Hiking and Backpacking Tips, Info, and Articles > Storm Stories
Storms became some of our most vivid memories of hiking the Appalachian Trail last year. Up until then, most hiking and camping consisted of nearby shelters, whether car or cabin, or a carefully planned weekend based on the weather forecast.
During our six months hiking the trail, there were a few heart pounding storms that I can remember like they were yesterday. Our first severe storm blew down on us near High Rocks, with an elevation of 4,100 feet, but not without warning. It was our own denial, and the fact that we thought we could make it to the campsite before she poured down upon us, that caused to us to be stuck in this situation.
Just before the peak we quickly learned what
would soon become our best known defensive measure to remaining calm.
With the thunder and lightning now upon us and pea size hail pelting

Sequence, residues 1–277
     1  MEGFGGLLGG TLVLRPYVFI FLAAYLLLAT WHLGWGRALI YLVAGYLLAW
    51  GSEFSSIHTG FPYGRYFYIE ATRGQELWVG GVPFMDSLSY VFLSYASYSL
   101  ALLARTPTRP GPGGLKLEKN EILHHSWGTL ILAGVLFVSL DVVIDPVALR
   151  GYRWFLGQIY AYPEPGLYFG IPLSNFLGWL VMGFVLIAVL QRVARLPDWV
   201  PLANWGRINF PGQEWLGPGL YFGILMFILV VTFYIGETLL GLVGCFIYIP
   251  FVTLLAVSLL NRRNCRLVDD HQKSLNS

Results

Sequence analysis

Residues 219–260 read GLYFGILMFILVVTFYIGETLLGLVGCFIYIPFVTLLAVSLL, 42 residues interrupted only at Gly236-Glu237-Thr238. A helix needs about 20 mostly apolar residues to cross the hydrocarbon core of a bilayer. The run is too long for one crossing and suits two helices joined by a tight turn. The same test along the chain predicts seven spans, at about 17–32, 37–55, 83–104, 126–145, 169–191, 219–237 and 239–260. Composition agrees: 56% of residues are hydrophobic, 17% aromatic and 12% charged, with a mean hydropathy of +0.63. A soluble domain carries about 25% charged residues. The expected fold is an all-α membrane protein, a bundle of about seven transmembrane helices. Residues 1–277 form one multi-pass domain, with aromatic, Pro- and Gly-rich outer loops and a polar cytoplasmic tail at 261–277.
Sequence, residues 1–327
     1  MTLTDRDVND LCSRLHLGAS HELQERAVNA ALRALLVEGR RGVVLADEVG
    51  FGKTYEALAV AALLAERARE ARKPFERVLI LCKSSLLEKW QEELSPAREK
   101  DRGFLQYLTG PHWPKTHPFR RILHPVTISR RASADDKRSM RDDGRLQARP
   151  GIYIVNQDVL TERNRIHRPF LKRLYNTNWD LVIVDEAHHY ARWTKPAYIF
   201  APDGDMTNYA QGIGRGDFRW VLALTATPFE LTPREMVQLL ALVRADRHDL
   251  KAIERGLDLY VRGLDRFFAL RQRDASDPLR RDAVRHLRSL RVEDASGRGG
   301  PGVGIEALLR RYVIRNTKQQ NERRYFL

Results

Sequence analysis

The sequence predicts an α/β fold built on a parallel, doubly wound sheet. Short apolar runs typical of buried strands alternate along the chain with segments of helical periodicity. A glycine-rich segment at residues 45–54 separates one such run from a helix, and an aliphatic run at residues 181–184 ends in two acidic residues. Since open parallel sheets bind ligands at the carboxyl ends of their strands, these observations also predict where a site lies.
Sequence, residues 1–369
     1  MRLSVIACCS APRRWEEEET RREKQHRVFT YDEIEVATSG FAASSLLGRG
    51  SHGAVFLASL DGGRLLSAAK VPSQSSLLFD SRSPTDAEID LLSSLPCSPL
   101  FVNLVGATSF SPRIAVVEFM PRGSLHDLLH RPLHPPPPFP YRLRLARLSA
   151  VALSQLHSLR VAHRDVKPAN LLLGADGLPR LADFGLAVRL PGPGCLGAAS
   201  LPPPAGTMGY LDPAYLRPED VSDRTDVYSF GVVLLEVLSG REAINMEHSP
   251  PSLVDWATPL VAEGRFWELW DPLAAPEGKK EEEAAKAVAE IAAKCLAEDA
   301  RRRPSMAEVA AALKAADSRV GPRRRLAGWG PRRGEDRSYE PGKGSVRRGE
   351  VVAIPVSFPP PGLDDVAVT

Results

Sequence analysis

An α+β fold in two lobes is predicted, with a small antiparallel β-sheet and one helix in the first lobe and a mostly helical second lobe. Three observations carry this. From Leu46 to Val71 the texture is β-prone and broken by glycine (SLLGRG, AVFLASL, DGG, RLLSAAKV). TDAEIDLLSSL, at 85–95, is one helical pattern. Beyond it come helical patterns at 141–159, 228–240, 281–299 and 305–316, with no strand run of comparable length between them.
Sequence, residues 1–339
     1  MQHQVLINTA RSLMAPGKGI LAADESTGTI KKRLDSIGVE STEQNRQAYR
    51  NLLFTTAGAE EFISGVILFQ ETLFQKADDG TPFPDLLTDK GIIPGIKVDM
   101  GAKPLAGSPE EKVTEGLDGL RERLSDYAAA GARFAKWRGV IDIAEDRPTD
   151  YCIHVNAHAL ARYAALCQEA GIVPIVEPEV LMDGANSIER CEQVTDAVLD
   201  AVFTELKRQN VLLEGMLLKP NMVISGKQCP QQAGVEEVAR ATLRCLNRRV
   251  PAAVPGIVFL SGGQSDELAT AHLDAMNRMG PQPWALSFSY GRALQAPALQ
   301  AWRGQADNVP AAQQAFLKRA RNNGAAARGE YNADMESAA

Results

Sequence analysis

our skin, we proceeded back into the western or northern side of Whistling
Gap. Because of the severity of the lightning we sat up on our backpacks
to isolate ourselves from the ground. I've read about these situations,
but until that moment never had to rely on it. I kept thinking to myself, "How much difference
does this make and will this prevent us from getting struck down?" Well,
we're both here today, and that's good enough for me. Meanwhile, I had
pulled the ground cloth for the tent from my wife's backpack, and we
covered ourselves, shielding the wind and hail. It became evident that
keeping the ground cloth easily accessible was a necessity. Not only
did it protect us from the elements but more importantly it helped calm
our nerves. Was it the best idea to blind ourselves from the situation?
I don't know.
Storm clouds along the Appalachian Trail in Vermont
We were thankful to have made it to the shelter that evening without injury and so very thankful that a few other hikers made room for us to stay.
A lot was learned on our journey, so I'll leave with a few words of SvenSaw wisdom. Never try to out hike a storm if you have the option to stop before it hits. You'll never beat it. Remain calm and think before you hike more.
SvenSaw, a 2003 Appalachian Trail thru-hiker, is co-editor of the HikeMore Online Newsletter.